In addition to the sources mentioned above, I recommend the following for further study:


No God But One: Allah or Jesus? a review


What do you mean by the word “mission”?


  1. David Wood

    Here is a good quote from John Stott on the subject.

  2. gus

    Finding common ground is less a compromise in order to keep everyone happy than it is a framework of beginning a conversation

    • Gary Ridley Sr

      How one defines ‘common ground’ makes a difference. Some, in liberal circles, use it with the implication that all religions are the same and lead to God. If by ‘common ground’ we are talking about similar concerns and interests, I agree but I would prefer to use ‘points of contact’ to avoid the implication that all religions are the same. Yes, common ground is a framework for beginning a conversation but in a liberal framework it often is a conversation that abandons the uniqueness of Christ which I want to avoid by using ‘point of contact.’

      • gus

        The terms ‘common ground’ and ‘common word’ are commonly used in Mslm work and, in this field of discussion, are not relegated to a liberal bent. I understand your desire to use a new term to avoid confusion, but the terms are already widely used in Mslm missiology and so we are left to keep them as defined, which is finding commonality to build discussion of Scripture.

  3. Gus, thanks for your input into this discussion. Could you point us to an article or book that uses the term “common ground” for the purpose of starting a conversation? I would also appreciate an example of common ground that might be used to begin a conversation with a Mslm.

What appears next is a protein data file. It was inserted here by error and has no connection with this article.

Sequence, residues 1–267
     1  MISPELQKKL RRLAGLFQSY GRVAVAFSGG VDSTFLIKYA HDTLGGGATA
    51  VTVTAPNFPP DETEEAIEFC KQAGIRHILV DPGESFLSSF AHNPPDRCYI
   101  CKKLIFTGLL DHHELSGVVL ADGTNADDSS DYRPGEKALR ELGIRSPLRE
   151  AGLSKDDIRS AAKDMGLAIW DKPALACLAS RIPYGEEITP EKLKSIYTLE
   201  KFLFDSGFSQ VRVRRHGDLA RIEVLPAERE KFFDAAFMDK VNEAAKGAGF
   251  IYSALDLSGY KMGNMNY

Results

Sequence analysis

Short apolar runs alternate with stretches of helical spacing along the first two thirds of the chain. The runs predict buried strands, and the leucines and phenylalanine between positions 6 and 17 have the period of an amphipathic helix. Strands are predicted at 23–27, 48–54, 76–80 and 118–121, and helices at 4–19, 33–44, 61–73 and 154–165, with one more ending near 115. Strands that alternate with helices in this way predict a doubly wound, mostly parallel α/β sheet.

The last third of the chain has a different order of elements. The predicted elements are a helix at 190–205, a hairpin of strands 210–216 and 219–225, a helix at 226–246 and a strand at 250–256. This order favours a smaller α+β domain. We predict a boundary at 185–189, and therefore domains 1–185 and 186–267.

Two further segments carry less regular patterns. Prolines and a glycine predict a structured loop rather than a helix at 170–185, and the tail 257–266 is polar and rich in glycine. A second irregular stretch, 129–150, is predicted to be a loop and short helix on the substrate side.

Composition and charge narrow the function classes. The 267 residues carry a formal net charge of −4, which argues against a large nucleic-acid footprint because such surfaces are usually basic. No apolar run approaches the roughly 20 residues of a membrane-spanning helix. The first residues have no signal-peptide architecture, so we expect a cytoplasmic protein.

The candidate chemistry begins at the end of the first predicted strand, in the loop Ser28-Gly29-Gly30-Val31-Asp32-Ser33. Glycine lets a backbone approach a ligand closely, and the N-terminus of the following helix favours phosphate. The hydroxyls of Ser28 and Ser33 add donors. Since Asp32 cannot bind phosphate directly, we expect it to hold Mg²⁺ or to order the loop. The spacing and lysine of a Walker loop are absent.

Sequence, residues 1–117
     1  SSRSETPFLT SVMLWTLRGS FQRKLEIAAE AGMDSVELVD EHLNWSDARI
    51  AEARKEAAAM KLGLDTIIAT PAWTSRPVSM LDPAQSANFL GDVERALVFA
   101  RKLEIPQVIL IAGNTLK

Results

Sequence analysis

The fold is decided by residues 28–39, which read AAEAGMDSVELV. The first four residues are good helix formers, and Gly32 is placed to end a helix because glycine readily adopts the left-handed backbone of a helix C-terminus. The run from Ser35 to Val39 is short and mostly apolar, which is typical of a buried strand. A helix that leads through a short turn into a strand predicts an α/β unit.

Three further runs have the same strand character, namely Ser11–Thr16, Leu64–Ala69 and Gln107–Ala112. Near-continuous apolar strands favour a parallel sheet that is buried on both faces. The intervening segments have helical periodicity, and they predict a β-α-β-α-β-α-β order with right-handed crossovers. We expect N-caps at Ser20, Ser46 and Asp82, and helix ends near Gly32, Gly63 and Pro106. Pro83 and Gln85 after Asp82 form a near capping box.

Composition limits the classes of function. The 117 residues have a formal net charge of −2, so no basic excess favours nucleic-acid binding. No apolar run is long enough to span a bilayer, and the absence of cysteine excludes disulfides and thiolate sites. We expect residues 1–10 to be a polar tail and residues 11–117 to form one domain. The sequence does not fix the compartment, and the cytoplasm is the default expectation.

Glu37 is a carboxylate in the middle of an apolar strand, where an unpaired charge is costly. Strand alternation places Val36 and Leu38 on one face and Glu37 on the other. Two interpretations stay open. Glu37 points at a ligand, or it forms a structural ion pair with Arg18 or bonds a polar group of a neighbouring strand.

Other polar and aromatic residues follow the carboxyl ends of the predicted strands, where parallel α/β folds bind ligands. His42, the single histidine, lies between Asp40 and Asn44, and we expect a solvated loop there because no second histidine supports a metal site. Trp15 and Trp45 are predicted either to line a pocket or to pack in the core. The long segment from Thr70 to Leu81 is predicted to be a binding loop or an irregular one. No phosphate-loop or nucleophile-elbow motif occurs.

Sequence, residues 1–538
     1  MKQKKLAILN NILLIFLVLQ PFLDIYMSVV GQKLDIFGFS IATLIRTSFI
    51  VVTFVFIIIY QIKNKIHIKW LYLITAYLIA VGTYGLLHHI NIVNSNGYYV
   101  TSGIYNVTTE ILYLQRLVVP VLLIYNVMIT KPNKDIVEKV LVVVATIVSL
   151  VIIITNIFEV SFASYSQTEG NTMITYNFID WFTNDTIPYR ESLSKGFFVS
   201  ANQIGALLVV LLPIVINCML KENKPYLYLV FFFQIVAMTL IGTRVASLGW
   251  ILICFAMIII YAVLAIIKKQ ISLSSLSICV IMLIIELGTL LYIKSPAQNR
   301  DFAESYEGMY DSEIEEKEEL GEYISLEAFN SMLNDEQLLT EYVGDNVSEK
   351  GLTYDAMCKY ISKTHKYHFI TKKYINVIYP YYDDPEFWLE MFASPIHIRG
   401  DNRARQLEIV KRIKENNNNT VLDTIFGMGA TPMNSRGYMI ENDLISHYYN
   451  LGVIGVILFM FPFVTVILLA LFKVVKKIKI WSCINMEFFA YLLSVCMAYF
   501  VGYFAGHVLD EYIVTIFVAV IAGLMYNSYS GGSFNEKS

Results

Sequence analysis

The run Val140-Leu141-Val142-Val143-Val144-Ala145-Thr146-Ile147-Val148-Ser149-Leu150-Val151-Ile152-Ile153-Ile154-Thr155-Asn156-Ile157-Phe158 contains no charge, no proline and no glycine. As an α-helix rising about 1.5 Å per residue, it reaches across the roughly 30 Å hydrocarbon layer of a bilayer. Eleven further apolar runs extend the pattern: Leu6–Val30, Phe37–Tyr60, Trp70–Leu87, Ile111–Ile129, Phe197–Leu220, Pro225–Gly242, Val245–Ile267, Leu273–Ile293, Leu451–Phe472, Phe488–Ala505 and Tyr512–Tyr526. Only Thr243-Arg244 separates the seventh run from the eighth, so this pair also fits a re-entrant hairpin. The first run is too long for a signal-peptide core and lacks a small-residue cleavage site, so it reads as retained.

• gus

      Hey Ken, Here are a few articles and a book I have on my computer. There are many more examples in dissertations and thesis and blog discussions

      From Seed to Fruit, 2010

      2005 Toward Common Ground in Understanding the Human Condition. In Muslim and Christian Reflections on Peace: Divine and Human Dimensions, edited by J. D. Woodberry. New York: University Press of America

      New Paths in Interfaith Dialog, Understanding Islam from the Light of Earliest Jewish Christianity, Rodney Cardoza. Conference on Muslim Peace, Justice and Interfaith Dialog, DC © 2007

      Islam, Once a Hopeless Frontier, Now? Comprehensive Contextualization, International Journal of Frontier Missions, 21:1 Spring 2004, Harley Talman

      The Legacy of John Amos Comenius, INTERNATIONAL BULLETIN OF MISSIONARY RESEARCH, Vol. 29, No. 4 Mike W. Stroope

      Allah in Translations of the Bible, International Journal of Frontier Missions 23:4 Winter 2006, Kenneth J Thomas

      The Emmaus-Medina Intertextual Connection: Contextualizing the Presentation of God’s Word, International Journal of Frontier Missions, 23:2 Summer 2006, Brad Williams

      Contextualization Among Muslims; Reusing Common Pillars, J Dudley Woodberry

  4. gus

    The most common example is the use of the OT prophets that we share to begin the conversation. We find Adam, Abraham, Joseph, Moses, David and others in common and so begin the conversation that leads to a clear picture of Jesus. We also find common ground in the names of God, and the perfection and virgin birth of Jesus. We find common ground in calling Jesus the Word of God, and in His death, resurrection, and return.

  5. Gary Ridley Sr

    Gus and Ken, I’m really enjoying this interaction! It’s what is suppose to happen on a blog in my opinion. Gus, where would I find the article by Dudley Woodberry?
    And by the way, I’m planning to write a review of From Seed to Faith on a blog post this month.